FEELING GRAND
Belle Magazine Australia|December/January 2022
Built to impress by the power elite, this imposing heritage home reveals a softer side as a comfortable family dwelling that’s contemporary, stylish and approachable.
STEPHEN CRAFTI

These pages, from left A custom-mixed Dulux blend matches the original colours trimming the exterior of the heritage bluestone house. Landscaping by Eckersley Garden Architecture. Haymes ‘Modesty White’ adds a crisp edge to the entry with its decorative plasterwork on arches, columns and the ceiling, from which hangs an Intueri ‘Bullarum SI-4’ light from In Good Company. Custom ‘Sencillo’ rug in Plum from The Rug Establishment over original floorboards which were re-finished. Artwork by Alma Figuerola, a previous resident of d’Estaville, from Leonard Joel.

‘Stamp’ console from Grazia&Co with ‘Basin’ vase in Cobalt Blue from Urban Eden, Arita Japan flower plate from Well Placed and New Volumes ‘Hemera’ desk lamp by Ross Gardam from Cult. Large artwork above is Le Vol by Valerie Sparks from Fletcher Arts.

This page, clockwise from top left Le Vol by Valerie Sparks from Fletcher Arts. ‘Stamp’ console from Grazia&Co with ‘Basin’ vase from Urban Eden, Arita Japan plate from Well Placed and New Volumes ‘Hemera’ desk lamp by Ross Gardam from Cult. Intueri ‘Bullarum SI-4’ pendant light from In Good Company. ‘Sencillo’ rug in Plum from The Rug Establishment. The front door sports a smack of Dulux ‘Symphony’ red. An oversized mirror from West Elm hangs above the fireplace surround on which sit ‘De Crecy’ beeswax candles from Tow and Line.

Stretching out over several street frontages and still occupying an impressive plot of 2600 square metres (once more than 13 hectares), this imposing bluestone mansion in Kew is one of Melbourne’s most significant homes. D’Estaville was originally built in 1859 in the Classical Revival style for Victoria’s first attorney-general, Sir William Stawell. Designed by Knight & Kerr, the architects responsible for Victoria’s Parliament House, it’s the only private home built by the eminent practice. And what a truly extraordinary property it is.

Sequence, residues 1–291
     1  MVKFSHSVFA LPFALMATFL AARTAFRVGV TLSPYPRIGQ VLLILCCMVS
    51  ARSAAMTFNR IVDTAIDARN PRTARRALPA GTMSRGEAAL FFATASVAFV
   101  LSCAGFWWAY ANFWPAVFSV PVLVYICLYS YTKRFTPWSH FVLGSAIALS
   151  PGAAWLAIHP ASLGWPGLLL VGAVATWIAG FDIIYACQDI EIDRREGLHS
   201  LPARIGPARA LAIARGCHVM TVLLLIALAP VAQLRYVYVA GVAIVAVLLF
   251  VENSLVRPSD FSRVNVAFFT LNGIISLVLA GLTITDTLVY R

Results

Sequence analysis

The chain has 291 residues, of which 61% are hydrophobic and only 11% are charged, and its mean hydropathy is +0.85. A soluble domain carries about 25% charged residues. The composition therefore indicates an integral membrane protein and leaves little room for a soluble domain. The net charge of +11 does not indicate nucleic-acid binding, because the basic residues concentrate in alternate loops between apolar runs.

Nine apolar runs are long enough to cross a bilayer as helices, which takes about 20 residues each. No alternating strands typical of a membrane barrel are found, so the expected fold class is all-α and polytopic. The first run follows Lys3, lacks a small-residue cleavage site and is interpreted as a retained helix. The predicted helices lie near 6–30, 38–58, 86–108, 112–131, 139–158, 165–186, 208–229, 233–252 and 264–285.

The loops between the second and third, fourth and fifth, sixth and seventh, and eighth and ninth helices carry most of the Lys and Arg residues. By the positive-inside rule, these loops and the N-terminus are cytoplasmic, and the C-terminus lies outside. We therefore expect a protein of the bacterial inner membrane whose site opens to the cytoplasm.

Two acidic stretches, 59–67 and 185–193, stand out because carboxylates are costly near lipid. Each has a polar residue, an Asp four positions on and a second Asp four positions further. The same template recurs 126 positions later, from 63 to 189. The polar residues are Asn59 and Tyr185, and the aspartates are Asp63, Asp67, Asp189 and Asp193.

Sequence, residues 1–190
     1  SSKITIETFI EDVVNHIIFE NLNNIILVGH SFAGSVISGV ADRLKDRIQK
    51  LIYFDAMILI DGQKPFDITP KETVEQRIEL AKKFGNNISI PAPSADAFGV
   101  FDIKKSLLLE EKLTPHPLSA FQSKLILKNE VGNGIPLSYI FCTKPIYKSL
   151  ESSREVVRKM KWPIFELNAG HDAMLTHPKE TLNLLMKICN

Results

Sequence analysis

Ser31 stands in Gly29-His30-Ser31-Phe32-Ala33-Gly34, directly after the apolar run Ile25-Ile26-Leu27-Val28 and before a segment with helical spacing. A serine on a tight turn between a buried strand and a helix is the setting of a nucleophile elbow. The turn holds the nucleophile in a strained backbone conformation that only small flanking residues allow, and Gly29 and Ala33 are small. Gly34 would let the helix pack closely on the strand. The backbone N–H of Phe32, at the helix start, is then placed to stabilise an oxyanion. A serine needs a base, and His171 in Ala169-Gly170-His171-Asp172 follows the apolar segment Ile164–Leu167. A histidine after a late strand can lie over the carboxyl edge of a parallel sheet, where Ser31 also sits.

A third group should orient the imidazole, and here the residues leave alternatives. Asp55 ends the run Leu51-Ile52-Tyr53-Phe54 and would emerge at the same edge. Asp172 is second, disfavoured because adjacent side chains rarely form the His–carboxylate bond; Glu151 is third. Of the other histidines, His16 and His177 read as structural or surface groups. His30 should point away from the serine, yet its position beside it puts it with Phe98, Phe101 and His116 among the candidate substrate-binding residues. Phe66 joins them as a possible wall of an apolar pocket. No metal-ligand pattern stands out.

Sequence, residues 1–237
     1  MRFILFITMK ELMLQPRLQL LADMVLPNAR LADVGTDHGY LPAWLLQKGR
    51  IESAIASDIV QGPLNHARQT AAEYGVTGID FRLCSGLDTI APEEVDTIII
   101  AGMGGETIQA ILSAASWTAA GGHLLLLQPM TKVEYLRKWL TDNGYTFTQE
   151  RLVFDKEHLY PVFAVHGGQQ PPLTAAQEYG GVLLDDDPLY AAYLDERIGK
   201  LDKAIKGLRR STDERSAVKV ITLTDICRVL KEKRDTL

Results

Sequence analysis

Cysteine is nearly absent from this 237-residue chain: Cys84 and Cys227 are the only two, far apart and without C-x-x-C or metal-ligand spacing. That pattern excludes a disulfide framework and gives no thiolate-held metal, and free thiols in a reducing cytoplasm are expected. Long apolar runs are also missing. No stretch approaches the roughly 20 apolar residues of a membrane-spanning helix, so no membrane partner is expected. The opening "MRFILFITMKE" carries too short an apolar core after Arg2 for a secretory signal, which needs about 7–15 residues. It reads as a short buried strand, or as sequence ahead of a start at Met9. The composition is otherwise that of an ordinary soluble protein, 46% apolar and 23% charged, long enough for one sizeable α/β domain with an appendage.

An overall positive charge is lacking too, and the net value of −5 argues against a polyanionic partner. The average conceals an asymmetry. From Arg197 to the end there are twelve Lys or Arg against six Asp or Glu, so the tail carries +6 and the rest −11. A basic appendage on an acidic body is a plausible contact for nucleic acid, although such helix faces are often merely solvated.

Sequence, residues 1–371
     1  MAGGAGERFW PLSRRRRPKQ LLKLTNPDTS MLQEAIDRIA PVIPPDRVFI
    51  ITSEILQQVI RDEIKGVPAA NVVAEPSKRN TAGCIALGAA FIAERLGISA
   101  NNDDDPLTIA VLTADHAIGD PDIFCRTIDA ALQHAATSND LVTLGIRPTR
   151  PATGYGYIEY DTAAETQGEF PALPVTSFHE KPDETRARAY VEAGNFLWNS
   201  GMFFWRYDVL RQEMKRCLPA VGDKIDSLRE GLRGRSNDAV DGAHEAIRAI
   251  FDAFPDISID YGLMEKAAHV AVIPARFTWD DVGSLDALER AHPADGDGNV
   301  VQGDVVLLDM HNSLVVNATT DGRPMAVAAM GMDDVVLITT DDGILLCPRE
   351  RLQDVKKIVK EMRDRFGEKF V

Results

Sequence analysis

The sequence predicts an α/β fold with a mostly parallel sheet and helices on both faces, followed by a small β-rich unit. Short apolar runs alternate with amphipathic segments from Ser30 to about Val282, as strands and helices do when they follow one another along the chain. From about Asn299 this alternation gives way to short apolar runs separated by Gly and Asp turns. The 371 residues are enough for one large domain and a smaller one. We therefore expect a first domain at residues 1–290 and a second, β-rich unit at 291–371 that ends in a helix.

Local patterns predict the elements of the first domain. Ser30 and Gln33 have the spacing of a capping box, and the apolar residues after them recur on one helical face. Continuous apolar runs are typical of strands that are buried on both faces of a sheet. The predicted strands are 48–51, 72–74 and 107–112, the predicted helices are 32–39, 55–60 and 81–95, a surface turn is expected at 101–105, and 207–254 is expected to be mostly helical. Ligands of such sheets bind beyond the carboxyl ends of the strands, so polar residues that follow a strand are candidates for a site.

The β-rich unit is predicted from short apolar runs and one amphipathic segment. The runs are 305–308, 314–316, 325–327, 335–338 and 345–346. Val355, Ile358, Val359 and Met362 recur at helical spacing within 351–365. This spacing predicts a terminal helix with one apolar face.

“I recall being told that if you were serious about entering parliament, the first step was to live in a great house, giving you credibility,” says architect Brett Nixon, director of NTF Architecture, who worked closely with the practice’s project architect Ben Ellul, interior designer Tess McKinlay and heritage consultant Miles Lewis. Others such as Richard Hall & Son added touches with some of the furnishings and Eckersley Garden Architecture (EGA) put its indelible stamp on the verdant garden, both now and prior to the recent owners purchasing it.

Opposite page On a Kundan Collection wool and silk rug from Loom, Italian mid-century sofa from Geoffrey Hatty Applied Arts reupholstered in Pollack ‘Solo’ velvet in Butternut with yellow velvet cushion from House of Orange. ClassiCon ‘Bell’ coffee table by Sebastian Herkner from Anibou with large resin ‘Pebble’ vase from Dinosaur Designs and a vintage round amber glass ball. Cut-glass vases by Brian Tunks on the owner’s pedestal table. Curtains in ‘Laconia Air’ linen from Mokum. Gubi ‘Semi’ pendant light from In Good Company.

Brett and his team were mindful of the home’s importance even before they were given the commission to create a family home for a couple with two children, three dogs and a cat. There were obviously the home’s fine bones, with its impressive stately rooms and exquisite embellishments, many of which can be traced back to the early 20th century, when d’Estaville was renovated in the Art Nouveau style. So, while the exterior has quite a sombre feel, the more formal rooms at the front of the home are sumptuously appointed with intricate plaster ceilings featuring floral motifs, wide skirting boards and embellished over-mantles, each one different to the next. Rather than simple doors separating spaces, there are arched enfilades edged with decorative columns.

The northern wing was opened up with a series of arches to loosely delineate the more informal zone.

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